When: Wednesday 24 April 2019, 7:15pm for 7:30pm start (note the change of meeting day)
Where: Albion Peace Centre, 102 McDonald Rd, Windsor (underneath the Albion Overpass, near Blackmore St; UBD 140 Ref. C14) Click here for a map.
Cost: $2, to help cover venue hire costs.
At 22 tonnes of carbon dioxide equivalent per year, Australia has the highest per capita carbon emission footprint of all the western industrialised nation. This compares to 11 tonnes per capita in Germany and only 8 tonnes in the UK. And 80% of Australia’s emissions are associated with fossil fuel use.
This talk explains in everyday terms how fossil fuels and their resulting emissions work, and how general consumption and industrial activity link to Australia’s national emissions profile. It also explains how, despite having such high emissions, Australia easily met its first round Kyoto Protocol target without having to make any reductions in fossil fuel use.
The talk considers Australia’s emissions in a global context. It examines why, despite reductions in some jurisdictions (for example the UK), there has been no measurable effect on the exponential growth of global emissions over the Kyoto Protocol years.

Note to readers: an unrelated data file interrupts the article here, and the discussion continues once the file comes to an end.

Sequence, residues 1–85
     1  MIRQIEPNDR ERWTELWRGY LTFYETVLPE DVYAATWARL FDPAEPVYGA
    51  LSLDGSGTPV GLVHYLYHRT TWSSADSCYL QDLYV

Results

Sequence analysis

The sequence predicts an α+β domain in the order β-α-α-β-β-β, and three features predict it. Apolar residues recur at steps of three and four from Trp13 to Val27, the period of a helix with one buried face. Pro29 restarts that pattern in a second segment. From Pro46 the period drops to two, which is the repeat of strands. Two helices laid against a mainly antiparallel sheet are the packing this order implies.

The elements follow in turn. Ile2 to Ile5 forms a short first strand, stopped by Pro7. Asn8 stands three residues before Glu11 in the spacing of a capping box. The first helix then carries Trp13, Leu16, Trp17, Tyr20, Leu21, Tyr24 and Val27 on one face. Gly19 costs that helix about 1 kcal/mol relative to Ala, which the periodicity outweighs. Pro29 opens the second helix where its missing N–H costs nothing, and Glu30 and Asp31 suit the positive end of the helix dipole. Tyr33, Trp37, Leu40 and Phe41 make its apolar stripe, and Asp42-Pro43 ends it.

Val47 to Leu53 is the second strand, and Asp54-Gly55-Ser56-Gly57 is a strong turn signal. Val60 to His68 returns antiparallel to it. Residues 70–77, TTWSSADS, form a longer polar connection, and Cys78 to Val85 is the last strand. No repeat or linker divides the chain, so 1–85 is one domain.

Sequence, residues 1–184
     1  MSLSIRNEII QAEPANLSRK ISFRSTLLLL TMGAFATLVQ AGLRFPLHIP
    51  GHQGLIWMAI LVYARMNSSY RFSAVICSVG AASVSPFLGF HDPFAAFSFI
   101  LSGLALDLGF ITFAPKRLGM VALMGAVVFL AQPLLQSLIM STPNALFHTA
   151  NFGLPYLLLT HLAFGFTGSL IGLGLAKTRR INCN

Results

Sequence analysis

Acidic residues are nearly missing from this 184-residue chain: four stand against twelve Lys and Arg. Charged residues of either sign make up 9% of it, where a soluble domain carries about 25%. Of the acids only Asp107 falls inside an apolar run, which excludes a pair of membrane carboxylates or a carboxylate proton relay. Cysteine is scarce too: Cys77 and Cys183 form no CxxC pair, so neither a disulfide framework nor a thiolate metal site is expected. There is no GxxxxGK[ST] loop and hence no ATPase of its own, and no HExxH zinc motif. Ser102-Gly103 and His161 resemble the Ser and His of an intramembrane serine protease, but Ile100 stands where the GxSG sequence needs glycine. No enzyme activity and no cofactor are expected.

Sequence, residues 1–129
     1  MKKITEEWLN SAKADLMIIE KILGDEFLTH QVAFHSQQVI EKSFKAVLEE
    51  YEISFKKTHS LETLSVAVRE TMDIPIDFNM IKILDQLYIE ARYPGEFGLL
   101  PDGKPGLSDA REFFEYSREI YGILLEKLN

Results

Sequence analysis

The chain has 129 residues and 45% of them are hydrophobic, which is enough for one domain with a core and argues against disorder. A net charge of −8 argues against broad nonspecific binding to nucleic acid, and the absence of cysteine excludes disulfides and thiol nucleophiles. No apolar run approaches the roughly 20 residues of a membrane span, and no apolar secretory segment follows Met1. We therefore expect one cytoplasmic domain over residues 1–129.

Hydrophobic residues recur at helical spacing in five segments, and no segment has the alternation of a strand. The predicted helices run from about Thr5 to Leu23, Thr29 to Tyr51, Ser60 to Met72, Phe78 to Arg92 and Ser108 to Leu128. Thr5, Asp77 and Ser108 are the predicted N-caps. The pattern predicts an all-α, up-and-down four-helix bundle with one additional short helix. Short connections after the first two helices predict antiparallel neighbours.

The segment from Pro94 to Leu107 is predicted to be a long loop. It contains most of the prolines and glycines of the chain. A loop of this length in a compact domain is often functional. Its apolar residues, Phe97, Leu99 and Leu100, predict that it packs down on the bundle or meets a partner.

Tackling emissions requires a 25-year-plus plan, for which outcomes will only be measurable over a 50 to 100-year horizon. The three and four-year political terms in Australia are poorly suited to such a long term view. The talk analyses the significant political challenges we face in making any discernible impact on both the local and global emissions trajectories.
Speaker: Andrew Perry (CEng MIChemE RPEQ) is a chartered chemical engineer with 30 years’ experience in both the upstream and downstream petroleum industry. His career started in the UK in high-conversion oil refining, specialising in energy efficiency and conversion. In Australia he has worked on upstream petroleum projects and production, including on Queensland’s Liquefied Natural Gas export projects.
He recently published the book ‘The Carbon Collision Course: Australia’s Emissions and Energy Policy Crisis’. The book provides a comprehensive overview of the emissions debate, and the difficult political choices about our energy consumption habits and industrial activities that arise.
The book and talk have been produced without sponsorship or funding from any lobby or industry association groups. The work does not express an opinion on climate change and is neither for nor against renewable or fossil fuel energy. It provides an impartial analysis of the challenges faced in understanding our energy consumption habits and their resulting emissions.
We hope to see you there.